This classification will pop its head back up again for different reasons, but primary point now is that if you have a LEVEL 4 frame of mind then you’re in a totally different place than someone with a LEVEL 0 frame of mind.

(For curious minds: the levels aren’t linear. You don’t have to accomplish LEVEL 2 before moving to LEVEL 3, for instance. The classification has a different purpose beyond progression.)

BB + BW Combo: the end game

The last initial contextual layer is qualifying the end game: what gains are you seeking? Prioritizing skill development is different than prioritizing hypertrophy is different than wanting a combination of both.

For instance, CrossFit merges barbells and bodyweight training, but I’d never do CrossFit. Yet I merge barbell and bodyweight training—see how context is an important thing to tackle?

This sort of reroutes back to the above two buckets, in a way. CrossFitters compete in certain lifts and events and not others. There are not a lot of high level bodyweight skills in the sport, as the muscle-up was a long time pinnacle of bodyweight investment. For a gymnast though, a muscle-up is a ground zero fundamental skill.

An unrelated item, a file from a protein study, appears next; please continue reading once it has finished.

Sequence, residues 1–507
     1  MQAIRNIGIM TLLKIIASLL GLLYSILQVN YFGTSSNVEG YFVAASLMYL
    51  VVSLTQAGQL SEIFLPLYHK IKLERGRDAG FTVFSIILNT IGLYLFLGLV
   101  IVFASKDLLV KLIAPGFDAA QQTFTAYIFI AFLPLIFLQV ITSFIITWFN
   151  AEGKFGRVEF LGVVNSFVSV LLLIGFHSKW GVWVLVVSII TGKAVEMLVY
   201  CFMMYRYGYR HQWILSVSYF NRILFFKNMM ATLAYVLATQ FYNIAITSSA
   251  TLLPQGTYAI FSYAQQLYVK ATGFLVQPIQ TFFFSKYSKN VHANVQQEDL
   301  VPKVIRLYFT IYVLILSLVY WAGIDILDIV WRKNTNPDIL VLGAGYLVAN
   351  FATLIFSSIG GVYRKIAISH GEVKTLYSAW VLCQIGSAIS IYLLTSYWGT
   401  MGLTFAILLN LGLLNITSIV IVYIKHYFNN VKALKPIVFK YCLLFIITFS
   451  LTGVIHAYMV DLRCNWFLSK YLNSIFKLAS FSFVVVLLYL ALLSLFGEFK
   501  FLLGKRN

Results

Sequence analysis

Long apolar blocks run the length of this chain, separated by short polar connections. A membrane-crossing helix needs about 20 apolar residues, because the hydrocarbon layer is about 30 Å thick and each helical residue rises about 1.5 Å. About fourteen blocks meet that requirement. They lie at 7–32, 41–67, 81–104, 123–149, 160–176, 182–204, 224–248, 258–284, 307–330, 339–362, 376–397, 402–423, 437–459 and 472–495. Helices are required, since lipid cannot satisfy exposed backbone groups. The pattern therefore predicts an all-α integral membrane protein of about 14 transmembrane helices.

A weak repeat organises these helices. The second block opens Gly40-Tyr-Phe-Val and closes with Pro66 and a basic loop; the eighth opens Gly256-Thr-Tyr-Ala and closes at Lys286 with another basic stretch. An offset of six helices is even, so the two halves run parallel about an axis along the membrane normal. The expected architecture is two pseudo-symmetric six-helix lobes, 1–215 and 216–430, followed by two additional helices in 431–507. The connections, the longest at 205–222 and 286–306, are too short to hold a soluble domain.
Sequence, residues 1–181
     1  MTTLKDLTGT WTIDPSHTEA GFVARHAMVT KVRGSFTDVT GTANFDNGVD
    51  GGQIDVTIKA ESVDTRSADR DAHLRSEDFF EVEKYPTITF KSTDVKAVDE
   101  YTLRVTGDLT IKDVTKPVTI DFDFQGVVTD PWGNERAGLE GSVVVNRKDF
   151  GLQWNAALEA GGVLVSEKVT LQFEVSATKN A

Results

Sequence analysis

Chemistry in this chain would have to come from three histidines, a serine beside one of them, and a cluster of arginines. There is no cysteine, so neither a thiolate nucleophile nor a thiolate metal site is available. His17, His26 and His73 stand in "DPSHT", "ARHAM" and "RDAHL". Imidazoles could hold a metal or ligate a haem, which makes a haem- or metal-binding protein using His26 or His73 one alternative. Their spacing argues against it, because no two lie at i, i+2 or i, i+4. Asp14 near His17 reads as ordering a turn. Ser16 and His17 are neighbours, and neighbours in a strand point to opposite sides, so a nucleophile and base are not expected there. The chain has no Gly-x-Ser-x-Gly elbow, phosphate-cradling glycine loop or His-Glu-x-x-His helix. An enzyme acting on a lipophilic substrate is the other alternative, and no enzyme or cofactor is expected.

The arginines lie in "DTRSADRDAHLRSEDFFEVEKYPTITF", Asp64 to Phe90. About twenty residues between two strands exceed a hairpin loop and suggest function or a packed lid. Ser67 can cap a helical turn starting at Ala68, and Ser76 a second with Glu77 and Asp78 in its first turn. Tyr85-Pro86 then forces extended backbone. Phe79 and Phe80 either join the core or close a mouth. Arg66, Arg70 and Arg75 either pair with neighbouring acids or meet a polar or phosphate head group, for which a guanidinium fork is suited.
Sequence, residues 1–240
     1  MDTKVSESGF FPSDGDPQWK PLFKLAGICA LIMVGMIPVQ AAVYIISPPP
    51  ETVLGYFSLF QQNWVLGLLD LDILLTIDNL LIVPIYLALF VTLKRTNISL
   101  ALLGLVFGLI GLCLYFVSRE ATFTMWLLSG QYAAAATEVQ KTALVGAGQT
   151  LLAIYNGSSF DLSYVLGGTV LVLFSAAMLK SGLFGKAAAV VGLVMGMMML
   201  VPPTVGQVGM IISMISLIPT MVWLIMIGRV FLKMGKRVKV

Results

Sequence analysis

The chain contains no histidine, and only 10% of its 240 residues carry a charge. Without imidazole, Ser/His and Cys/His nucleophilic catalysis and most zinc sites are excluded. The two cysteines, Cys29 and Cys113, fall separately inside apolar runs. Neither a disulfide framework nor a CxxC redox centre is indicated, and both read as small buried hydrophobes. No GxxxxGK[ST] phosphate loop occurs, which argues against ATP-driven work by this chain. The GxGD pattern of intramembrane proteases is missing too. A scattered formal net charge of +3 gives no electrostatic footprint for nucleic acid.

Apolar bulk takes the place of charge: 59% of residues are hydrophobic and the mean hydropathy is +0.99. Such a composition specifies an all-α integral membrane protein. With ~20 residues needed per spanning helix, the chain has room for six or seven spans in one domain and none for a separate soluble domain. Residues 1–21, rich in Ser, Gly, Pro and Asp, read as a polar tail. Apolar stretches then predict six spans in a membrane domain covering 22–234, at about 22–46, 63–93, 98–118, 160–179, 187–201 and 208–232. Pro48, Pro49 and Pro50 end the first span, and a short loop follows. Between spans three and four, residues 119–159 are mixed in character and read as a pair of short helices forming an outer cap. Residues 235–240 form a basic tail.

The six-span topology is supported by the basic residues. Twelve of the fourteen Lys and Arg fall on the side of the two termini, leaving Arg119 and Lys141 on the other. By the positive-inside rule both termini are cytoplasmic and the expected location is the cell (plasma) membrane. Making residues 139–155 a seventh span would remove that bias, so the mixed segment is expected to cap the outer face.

BB + BW Combo: recap of context

Before going anywhere with a barbell and bodyweight conversation, you have to hit those three layers of context:

  • What kind of barbell training? What to do value? How does that determine how you’re going to train and the stressors you’re going to put on your body?
  • What kind of bodyweight training? Where’s your head at? LEVEL 0?
  • What’s the end game? Do you want to prioritize barbell training and use bodyweight as something “extra?” The reverse? What do you value and to what end?